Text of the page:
Gold made its major bottom in February 2001 which was about a year before the top seen in the US$ Index in January 2002. There was no particular accord at the time but the Euro came into existence in 1999 but it wasn’t until 2002 that notes and coins began to circulate. The rise in the Euro coincided with a long decline for the US$. Gold topped in September 2011 not long after the US$ Index made what thus far is its final bottom in February 2011 near 73.

So what is driving the US$ to new heights? Well it is not so much a strong US$ but a weak Euro. The EU economy is showing signs of falling into a recession even as the US economy appears to be holding with low growth. Japan is also falling once again into recession. There has been constant chatter of the US raising interest rates. That is not the case in the EU where there are now negative interest rates nor in Japan where interest rates remain at record lows. Longer-term interest rates in the US remain above those in both the EU and Japan. Tensions in Ukraine between Russia and Ukraine are negatively impacting the EU because of sanctions placed on Russia. Tensions in the South China and East China seas between Japan and China are negatively impacting Japan.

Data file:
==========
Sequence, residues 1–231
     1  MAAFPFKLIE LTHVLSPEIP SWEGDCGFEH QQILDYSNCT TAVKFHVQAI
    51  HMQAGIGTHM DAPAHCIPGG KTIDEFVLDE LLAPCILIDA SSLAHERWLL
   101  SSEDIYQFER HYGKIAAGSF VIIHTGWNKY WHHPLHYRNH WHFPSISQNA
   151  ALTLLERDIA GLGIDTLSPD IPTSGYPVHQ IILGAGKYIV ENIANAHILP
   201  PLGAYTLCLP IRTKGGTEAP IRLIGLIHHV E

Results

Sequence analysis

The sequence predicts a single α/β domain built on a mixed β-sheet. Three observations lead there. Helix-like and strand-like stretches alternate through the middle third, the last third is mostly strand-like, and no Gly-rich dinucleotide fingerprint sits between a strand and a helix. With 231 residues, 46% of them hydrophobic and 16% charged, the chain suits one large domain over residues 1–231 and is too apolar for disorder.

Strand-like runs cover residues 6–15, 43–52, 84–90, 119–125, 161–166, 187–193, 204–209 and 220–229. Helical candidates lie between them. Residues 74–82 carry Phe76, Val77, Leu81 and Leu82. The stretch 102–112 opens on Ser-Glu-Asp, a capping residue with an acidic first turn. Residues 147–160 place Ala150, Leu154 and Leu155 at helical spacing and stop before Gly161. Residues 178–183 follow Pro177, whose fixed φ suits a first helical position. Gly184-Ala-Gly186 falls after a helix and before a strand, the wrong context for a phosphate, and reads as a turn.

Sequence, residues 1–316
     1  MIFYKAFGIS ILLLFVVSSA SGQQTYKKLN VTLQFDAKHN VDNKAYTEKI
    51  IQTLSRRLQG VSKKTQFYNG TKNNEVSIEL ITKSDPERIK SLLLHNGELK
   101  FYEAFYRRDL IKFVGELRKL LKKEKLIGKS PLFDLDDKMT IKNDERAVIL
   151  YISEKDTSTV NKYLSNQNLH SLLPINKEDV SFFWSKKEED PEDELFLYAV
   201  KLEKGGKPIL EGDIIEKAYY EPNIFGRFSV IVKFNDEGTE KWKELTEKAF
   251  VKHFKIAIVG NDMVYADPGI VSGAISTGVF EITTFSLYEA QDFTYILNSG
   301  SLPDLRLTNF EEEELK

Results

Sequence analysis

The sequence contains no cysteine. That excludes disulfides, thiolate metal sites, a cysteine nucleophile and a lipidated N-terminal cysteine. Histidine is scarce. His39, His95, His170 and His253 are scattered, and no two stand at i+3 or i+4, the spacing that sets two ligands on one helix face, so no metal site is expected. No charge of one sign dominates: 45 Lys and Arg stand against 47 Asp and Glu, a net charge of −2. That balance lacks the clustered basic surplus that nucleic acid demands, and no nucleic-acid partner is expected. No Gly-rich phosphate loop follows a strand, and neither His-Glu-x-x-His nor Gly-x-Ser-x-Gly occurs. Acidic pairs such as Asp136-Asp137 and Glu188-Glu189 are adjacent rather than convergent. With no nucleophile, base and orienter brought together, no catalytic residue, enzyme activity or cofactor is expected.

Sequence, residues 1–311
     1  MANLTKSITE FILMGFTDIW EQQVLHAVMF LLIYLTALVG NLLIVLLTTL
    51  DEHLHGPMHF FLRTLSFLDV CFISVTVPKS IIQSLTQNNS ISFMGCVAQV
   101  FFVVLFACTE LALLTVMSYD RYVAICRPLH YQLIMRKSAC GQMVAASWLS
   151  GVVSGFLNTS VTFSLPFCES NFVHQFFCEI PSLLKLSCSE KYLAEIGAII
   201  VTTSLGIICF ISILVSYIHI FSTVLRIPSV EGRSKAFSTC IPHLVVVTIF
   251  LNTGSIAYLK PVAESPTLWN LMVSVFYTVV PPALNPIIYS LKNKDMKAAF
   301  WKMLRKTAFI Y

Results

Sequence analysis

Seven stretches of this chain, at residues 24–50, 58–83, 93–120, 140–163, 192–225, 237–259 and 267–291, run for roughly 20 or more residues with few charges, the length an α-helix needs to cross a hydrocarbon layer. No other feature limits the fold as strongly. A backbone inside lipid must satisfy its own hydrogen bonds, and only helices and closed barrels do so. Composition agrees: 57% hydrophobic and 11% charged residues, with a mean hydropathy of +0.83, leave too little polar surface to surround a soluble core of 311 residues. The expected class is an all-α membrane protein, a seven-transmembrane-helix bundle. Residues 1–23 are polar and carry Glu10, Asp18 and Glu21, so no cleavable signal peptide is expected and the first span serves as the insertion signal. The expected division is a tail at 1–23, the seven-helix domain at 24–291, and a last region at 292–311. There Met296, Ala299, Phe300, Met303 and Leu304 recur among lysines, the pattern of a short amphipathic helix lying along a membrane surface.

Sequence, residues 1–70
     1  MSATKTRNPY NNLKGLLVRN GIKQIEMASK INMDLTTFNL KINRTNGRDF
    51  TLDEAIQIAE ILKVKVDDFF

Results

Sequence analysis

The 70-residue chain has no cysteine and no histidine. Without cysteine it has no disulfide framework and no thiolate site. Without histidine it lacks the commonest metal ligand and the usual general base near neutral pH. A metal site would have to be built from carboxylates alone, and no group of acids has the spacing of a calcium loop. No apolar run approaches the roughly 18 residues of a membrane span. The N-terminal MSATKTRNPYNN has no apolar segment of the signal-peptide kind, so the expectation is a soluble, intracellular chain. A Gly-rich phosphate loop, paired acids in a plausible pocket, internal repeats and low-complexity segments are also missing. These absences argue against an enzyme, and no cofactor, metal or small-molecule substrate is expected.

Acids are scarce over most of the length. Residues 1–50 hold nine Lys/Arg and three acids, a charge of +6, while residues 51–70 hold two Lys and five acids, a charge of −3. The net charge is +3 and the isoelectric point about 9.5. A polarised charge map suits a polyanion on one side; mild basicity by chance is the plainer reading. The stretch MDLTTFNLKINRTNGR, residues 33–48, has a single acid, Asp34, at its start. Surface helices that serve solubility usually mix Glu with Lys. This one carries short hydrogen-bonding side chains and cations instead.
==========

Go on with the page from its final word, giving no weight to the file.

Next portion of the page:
Is this the scenario often outlined by Goldman Sachs and others that gold is to collapse to $1,050? It is possible. The EU and Japan are entering an important deflationary cycle and the US$ has become the major recipient. The concern in a deflationary cycle is insolvency. While US Treasuries have been the major beneficiary of the rush into US$ it is noteworthy that weaker credits are actually falling in value even as US Treasuries rise in value. There are numerous concerns of insolvency in the Euro zone and in Japan. Sanctions against Russia are triggering trade wars. As everyone supposedly learned during the Great Depression trade wars are a lose-lose situation. Maybe they didn’t really learn anything.